Like most spellings, place names have become standardised only fairly recently in history. Pressure to standardise must have reached a peak in the 19th century as the railway network spread nationwide. Some spellings are not really standardised yet.

Whittlesea/Whittlesey comes to mind (Old English witles ieg, "Whittle's Island").

There's Stow Maries (Essex), more officially known as Stow St Mary - but this is a classic reverse etymology as the suffix comes from the Marey family.

The village of Ashtead (Surrey) until quite recently had a station called Ashstead (OE æsc stede, place of ash trees).

Like the railway companies, the OS has to pick a spelling and stick with it.

Coming back to rivers, I found what the OS calls the "Porter or Little Don." I also recently photographed the Lea or Lee (or is it the other way round?). I was standing in Lea Bridge Road, by the Lee Valley skating rink. Sometimes we just can't decide.
Ian Calderwood 8 years ago
You only need to take a look at the Ravenna Cosmography (from circa 700 A.D.) to see how many river names have not survived or are incomprehensible from that time.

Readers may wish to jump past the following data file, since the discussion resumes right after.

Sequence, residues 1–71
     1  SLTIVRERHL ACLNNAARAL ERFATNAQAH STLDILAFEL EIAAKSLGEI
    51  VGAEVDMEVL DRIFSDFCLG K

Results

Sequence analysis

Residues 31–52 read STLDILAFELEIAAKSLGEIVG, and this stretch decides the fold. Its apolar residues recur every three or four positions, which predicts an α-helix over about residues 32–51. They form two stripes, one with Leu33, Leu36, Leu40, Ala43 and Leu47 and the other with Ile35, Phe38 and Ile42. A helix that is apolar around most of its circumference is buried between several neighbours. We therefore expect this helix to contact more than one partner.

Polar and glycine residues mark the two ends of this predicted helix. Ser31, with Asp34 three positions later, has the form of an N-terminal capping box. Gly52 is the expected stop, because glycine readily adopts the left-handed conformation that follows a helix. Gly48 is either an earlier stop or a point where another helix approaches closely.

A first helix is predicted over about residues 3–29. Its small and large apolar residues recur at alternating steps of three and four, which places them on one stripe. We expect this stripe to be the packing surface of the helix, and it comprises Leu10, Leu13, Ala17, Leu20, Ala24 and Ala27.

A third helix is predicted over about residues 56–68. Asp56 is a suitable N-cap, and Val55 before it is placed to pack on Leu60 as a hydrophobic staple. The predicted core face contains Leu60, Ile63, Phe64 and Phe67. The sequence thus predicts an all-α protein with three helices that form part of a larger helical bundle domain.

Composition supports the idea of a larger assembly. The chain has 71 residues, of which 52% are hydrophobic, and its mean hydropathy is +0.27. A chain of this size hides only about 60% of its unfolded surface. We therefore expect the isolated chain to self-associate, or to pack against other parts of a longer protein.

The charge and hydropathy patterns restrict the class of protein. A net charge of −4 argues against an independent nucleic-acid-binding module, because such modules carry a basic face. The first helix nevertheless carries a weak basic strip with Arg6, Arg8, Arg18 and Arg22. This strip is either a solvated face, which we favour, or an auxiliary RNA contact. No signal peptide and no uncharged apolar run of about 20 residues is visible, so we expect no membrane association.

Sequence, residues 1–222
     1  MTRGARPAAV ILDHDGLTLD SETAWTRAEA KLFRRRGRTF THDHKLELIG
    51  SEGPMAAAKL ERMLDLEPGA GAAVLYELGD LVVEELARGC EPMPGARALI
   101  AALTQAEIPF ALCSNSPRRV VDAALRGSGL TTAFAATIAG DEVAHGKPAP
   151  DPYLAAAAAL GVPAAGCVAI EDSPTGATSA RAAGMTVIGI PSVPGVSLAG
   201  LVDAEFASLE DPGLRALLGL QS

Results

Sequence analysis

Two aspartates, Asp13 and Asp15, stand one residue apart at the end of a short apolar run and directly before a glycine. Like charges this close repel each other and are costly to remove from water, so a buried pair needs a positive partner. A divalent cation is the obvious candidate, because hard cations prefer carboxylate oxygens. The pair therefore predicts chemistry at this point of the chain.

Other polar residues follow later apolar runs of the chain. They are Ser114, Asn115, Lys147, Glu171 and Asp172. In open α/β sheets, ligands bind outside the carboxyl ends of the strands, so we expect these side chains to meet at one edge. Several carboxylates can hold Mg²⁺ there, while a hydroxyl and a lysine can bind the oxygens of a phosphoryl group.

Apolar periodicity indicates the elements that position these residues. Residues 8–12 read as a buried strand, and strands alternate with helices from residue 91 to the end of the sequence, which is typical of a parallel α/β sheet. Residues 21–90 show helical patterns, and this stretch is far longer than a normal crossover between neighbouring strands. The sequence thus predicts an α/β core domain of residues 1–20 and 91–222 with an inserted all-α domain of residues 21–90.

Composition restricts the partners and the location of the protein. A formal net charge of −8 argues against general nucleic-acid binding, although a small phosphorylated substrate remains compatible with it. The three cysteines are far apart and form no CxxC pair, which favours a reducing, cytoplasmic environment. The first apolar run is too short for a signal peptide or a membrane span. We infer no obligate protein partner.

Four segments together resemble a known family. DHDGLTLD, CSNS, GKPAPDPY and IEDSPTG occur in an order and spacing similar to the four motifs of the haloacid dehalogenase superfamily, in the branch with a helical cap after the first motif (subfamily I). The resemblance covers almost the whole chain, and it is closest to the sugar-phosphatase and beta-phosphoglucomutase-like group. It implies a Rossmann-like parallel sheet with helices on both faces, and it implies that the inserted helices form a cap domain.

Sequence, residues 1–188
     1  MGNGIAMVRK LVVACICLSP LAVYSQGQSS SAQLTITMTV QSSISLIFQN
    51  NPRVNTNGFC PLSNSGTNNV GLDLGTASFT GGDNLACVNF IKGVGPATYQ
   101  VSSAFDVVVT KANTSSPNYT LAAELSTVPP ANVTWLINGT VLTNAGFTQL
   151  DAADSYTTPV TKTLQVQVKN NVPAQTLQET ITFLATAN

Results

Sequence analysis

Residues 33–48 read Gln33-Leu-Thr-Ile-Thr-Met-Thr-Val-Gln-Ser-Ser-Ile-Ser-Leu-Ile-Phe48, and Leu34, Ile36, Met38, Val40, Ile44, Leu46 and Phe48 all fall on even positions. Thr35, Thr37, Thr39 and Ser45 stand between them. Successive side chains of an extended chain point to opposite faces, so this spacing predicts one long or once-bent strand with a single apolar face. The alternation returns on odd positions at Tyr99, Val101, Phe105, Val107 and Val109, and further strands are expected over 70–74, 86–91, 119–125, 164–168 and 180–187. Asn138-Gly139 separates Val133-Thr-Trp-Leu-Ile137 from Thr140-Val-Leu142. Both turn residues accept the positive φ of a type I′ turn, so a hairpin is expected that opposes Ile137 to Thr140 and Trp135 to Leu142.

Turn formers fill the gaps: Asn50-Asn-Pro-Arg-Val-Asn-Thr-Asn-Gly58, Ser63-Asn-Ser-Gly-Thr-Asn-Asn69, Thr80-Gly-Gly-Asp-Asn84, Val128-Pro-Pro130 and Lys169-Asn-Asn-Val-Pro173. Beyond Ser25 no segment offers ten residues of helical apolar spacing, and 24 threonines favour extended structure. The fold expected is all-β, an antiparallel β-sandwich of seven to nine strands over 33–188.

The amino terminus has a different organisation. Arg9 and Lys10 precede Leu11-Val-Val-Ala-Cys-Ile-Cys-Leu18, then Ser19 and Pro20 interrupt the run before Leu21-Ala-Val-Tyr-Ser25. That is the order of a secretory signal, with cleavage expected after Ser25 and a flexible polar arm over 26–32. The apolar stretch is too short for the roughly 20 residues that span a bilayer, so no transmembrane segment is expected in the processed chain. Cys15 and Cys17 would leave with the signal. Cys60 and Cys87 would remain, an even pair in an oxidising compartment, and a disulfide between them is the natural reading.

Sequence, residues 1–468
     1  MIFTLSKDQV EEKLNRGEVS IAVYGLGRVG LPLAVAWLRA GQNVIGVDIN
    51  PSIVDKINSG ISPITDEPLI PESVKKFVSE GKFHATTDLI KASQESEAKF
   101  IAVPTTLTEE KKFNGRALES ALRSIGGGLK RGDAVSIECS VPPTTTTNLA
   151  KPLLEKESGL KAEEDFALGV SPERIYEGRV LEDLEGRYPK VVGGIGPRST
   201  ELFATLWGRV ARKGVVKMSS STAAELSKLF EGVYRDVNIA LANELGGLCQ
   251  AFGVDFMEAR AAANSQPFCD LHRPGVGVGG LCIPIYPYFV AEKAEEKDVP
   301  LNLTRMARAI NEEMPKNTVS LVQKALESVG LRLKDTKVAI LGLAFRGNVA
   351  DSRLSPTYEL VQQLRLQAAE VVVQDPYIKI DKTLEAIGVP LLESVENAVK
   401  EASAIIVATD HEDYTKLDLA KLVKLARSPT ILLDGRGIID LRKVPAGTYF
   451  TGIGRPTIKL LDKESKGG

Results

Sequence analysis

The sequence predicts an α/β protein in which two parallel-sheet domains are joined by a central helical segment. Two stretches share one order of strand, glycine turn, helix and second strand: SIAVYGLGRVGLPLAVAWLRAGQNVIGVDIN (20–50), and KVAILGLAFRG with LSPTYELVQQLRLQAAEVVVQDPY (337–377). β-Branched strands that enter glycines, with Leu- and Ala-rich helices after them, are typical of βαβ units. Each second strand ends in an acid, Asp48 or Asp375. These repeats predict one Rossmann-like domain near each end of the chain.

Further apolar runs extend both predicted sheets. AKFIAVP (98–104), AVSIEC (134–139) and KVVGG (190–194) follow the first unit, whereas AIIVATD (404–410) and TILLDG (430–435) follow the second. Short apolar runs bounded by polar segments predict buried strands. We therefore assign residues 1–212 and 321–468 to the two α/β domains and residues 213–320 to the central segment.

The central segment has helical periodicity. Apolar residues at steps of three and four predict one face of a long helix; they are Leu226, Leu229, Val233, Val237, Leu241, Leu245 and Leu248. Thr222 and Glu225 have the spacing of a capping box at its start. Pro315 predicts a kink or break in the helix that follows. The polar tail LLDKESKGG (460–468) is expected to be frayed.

According to my Oxford Dictionary of British Place Names "Bollin" is an "old river name of uncertain origin and meaning"
curious thread [deleted] 8 years ago
Thank you electropod and Ian.

Electropod, sorry for not acknowledging your comment but I must have missed the new message signs in the River Group. As mentioned above, I do know that OS has itself altered a name for no good reason. It adopted a spelling not used by anyone except itself. That spelling has now become set in stone and that's it !!

Ian, I now have my own copy of the English Place-Name Society Volume XLIV Place Names of Cheshire Part One Macclesfield Hundred which basically says the same !! In 1190 it was Bolyne which may include 'hlynn' meaning "a torrent, a noisy stream." How unusual for a stream to be a torrent and noisy ;-)) The author was not sure of the first part of the name so, yes, a name of uncertain origin and meaning. Someone at some time must have known. How thoughtless of them not to have left us a definition ;-))
sootyskye PRO 7 years ago
My parents live near the River Camel in Cornwall (from the Cornish cam = crooked). However, the lower reaches used to be referred to as the River Hayle (Cornish Hayle = Estuary), and this still survives in the name Hayle Bay for the mouth of the river between Stepper Point and Pentire Point (shown on the OS map as off Polzeath beach). However the middle part of the river used to be know and the River Allen which then transferred to one of the tributaries.